Hawke's Bay Today

NZ’s lack of Capital Gains Tax ‘unusual’

Kiwis have ‘mixed feelings’ about proposed CGT, says global expert

- Liam Dann

A lot of countries do have a Capital Gains Tax, it is unusual not to. But to me you have to look at the tax code in its entirety for New Zealand.

NKate Barton (left)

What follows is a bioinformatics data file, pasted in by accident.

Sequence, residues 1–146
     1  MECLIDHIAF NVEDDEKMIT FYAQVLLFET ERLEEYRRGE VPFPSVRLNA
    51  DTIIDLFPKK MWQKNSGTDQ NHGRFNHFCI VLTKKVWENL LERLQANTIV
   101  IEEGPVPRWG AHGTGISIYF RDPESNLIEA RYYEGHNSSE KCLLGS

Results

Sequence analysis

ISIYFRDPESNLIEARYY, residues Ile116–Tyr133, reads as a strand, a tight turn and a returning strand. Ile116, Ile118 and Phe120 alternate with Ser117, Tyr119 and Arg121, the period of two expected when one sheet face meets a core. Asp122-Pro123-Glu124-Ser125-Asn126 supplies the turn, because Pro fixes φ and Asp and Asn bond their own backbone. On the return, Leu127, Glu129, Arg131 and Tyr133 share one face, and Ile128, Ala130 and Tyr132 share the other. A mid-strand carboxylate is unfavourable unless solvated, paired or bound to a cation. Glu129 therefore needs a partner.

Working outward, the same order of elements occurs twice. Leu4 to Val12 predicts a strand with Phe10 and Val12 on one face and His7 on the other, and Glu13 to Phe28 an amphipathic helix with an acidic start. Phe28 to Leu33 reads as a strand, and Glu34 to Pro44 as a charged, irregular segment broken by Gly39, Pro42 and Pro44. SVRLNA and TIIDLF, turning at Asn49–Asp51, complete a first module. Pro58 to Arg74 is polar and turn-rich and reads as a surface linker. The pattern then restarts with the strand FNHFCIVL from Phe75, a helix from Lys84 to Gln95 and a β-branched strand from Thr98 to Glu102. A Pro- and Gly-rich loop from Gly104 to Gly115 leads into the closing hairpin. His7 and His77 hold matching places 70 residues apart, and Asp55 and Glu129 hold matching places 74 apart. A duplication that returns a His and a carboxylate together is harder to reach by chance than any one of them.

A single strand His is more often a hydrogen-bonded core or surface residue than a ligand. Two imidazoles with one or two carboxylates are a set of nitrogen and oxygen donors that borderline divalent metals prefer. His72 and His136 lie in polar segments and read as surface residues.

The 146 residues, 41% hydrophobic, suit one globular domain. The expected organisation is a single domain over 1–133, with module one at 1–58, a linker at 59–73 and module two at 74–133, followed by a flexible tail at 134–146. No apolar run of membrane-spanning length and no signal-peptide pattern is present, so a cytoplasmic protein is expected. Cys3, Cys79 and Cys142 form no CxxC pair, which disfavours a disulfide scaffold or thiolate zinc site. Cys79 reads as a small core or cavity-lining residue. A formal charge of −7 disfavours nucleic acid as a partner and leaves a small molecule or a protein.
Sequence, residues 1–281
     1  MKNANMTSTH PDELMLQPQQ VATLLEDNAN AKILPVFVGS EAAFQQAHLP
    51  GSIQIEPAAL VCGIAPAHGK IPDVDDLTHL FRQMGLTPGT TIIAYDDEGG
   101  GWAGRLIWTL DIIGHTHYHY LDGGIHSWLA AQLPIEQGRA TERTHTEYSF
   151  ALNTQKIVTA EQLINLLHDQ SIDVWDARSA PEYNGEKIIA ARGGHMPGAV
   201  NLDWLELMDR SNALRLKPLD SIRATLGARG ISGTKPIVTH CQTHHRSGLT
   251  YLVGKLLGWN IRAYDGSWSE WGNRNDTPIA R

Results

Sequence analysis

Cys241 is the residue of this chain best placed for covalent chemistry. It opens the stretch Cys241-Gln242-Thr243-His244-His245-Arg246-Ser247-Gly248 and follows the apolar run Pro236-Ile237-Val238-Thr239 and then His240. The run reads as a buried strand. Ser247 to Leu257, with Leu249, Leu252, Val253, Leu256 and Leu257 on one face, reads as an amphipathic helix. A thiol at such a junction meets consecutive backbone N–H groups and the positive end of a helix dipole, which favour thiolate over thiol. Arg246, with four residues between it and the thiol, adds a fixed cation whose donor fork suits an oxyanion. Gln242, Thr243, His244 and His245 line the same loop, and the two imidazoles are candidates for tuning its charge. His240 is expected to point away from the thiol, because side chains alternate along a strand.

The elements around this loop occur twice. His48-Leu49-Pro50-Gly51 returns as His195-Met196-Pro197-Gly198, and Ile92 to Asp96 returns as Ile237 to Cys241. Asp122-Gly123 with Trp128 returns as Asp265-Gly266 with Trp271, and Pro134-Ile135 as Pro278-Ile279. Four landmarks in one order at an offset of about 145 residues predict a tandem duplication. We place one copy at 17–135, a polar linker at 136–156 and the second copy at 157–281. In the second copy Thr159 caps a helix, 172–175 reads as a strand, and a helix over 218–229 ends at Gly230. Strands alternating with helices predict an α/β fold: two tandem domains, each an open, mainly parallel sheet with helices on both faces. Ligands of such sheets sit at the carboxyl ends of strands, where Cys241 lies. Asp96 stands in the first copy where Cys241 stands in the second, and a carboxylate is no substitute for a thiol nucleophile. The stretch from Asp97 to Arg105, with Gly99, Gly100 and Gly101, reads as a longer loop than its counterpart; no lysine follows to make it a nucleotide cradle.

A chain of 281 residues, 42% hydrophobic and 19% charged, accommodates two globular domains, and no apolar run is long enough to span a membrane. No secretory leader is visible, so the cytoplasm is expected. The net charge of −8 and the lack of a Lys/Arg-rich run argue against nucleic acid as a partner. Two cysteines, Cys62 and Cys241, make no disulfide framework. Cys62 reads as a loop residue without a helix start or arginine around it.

ew Zealand is unusual in not having Capital Gains Tax, says EY global chairwoman of tax, Kate Barton. But that doesn’t mean putting a CGT in place will be easy, New Yorkbased Barton says. Barton, who has been in New Zealand meeting local EY staff and clients, said she had picked up that there were “mixed feelings” about the Capital Gains Tax ahead of the release of the Tax Working Group report. The report will be released publicly next Wednesday and is widely expected to recommend the introducti­on of a Capital Gains Tax. The Government has not committed to following through on the recommenda­tion and says, if it did, any changes would be implemente­d after the next election so it could effectivel­y go to a public vote. It has also ruled out any tax on the family home and says any changes must be revenue neutral. “A lot of countries do have a Capital Gains Tax, it is unusual not to,” Barton said. “But to me you have to look at the tax code in its entirety for New Zealand. You already have GST, you have corporate income tax. Do you really need another source of revenue and for what reason?” In the US, capital gains taxes tended to be quite complex, she said. “It’s very complicate­d. There’s nothing in the States that’s simple. But even after the last tax reforms, people thought that tax would get simpler and there are 475 new forms for corporatio­ns to fill out — on top of the forms they already had.” Every new reform seemed to add a layer of complexity, Barton said. “Certainly it’s not easy for companies to file on the Capital Gains Tax. There are many ways to tackle how you get your fair share of taxes from property,” she said. “It doesn’t have to be a Capital Gains Tax — there are property tax levies, stamp taxes. There are a lot of indirect taxes that could be levied.” Barton said most of the feedback she’d had so far suggested most companies were of the view that the tax code in this country was good as it is. “But I was with a bunch of clients yesterday and I’d say there was a healthy debate on what could work if the country wants to move forward in this way.” The other hot topic in the tax world at the moment was the issue of taxing multinatio­nal companies that were increasing­ly operating without a physical presence in a country. “All multinatio­nals are trying to digitalise their footprint,” she said. “So how do you tax that as you move more into a virtual world?”. The OECD has laid the groundwork for a global policy on Base Erosion and Profit Shifting (BEPS). Under the OECD/G20 Inclusive Framework on BEPS, more than 125 countries and jurisdicti­ons are collaborat­ing to implement the BEPS measures. Progress has been made and there has been a lot of improvemen­t in the framework, Barton said. “That said, there still needs to be more work on how we tax digital companies — whether they should be taxed on a gross revenue basis. Or are you better off with some form of global minimum tax?” Barton says the pace of change in tax policy has accelerate­d globally in the past few years. “It is unpreceden­ted to have this much change at the same time,” she says. “One out of three countries has change in the top leadership and every one of them seems to be bringing in a change in the tax laws.” The rise of populist political movements had certainly played a part in driving the change, she said.

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